First the bad news – Unemployment rates are high, peoples’ life savings and retirement investments are still depleted, home values have... continue reading
First the bad news – Unemployment rates are high, peoples’ life savings and retirement investments are still depleted, home values have tanked. Now the good news: Surprisingly, Americans are feeling less stress from financial debt these days.
The gist of a study, conducted by the Associated Press is that people are optimistic that they’ll eventually be able to get out from under a mountain of bills, a major factor behind the decline in stress from last year.
According to the poll: Debt-related stress was 12 percent lower this year than in 2008. “People now have some optimism that the worst is behind them,” said Paul J. Lavrakas, a research psychologist and AP consultant who analyzed the results of the survey.
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As I’ve mentioned in previous articles, staying in has become the new going out, which – in spite of the fact that people and families are dealing with depleted finances – has had some positive effects. Families are connecting. People are viewing their budget as a team effort. Couples are saving more. All these things are also likely factors in the increase in positive debt perception that the study reveals. People feel like they might be gaining control of their lives again.
In my book, Financial Infidelity, I encourage people to talk about their money history – both in their own lives, and as a reflection of what they learned growing up, or in their past. It seems like more people may have started to do this, and subsequently have gotten on the same “financial page” and are willing to make a few sacrifices whereas before they may not have been as open to the idea.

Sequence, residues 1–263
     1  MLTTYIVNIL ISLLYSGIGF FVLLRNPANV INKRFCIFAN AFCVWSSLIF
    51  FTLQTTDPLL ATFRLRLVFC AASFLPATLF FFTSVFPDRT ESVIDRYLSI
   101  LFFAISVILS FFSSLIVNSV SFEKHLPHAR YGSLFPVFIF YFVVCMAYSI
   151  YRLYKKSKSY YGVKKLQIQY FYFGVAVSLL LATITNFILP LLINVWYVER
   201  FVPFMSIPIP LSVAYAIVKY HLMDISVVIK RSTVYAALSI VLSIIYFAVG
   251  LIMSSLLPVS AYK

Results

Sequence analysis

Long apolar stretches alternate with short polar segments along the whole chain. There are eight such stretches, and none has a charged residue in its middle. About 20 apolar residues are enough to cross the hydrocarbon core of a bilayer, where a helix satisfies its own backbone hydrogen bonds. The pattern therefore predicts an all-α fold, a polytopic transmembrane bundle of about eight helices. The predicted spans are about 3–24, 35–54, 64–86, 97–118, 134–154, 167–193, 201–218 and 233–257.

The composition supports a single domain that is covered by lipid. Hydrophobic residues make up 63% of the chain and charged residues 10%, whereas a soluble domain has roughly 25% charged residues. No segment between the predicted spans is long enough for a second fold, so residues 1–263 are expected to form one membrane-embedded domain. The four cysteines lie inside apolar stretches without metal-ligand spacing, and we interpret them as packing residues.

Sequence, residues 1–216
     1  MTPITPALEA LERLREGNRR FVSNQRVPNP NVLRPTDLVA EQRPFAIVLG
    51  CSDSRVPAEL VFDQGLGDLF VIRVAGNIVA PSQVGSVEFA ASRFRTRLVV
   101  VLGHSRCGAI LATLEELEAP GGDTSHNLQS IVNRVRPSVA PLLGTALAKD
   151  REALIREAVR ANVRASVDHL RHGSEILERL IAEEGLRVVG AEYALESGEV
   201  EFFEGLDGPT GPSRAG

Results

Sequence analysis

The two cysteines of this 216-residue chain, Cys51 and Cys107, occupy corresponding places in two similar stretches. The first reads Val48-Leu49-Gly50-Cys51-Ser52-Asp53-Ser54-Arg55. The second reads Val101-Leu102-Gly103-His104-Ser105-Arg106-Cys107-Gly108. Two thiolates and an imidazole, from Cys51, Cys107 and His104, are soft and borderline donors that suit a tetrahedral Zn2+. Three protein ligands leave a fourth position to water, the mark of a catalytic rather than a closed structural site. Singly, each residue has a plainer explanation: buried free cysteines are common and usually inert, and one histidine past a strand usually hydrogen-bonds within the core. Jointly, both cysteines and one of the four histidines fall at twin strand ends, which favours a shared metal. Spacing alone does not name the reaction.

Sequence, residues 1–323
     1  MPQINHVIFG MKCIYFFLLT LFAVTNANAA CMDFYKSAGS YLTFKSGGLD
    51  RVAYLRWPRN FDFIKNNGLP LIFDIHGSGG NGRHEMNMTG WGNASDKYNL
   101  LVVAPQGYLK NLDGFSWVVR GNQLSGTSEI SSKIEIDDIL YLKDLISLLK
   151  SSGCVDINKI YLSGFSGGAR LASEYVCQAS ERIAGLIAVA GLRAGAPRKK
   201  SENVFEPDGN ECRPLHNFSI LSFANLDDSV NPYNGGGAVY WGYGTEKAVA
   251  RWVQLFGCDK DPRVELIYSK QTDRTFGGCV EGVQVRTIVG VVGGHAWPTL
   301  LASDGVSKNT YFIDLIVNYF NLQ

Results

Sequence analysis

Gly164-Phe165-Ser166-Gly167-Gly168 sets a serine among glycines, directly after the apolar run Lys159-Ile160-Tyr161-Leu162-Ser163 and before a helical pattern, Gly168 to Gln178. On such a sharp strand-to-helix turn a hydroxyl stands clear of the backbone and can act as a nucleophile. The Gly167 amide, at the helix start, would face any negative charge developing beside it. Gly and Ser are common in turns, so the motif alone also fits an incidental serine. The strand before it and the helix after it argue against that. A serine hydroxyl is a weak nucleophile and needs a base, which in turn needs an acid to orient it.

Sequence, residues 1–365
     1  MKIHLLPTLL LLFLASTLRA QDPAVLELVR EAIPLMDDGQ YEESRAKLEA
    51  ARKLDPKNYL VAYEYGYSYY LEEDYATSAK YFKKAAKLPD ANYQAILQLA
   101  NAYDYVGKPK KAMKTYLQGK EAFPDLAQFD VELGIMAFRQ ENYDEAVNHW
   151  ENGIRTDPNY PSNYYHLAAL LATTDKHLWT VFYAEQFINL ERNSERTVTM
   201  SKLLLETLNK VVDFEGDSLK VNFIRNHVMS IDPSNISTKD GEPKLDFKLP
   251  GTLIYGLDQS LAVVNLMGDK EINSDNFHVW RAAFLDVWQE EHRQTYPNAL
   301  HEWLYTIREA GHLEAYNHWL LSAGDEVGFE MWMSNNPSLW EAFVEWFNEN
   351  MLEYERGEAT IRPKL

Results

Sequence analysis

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Of course, this has had somewhat of a negative effect on the economy as a whole – if Americans were to sharply cut back spending, that could prolong the recession and hopes of recovery this year.
But every cloud has a silver lining, and as such, Americans aren’t dealing with record-high gas prices as they were last summer. Credit and financial problems, which reached a crisis point last fall, have shown some signs of easing.
It would be naïve to think that because overall debt-related stress is down from this time last year, we’re out of the woods. Obviously our habits continue to have potentially dangerous repercussions both in our personal lives and in our economy as a whole, but people are definitely thinking about spending less and are more mindful of their finances. And I would say that’s a net gain!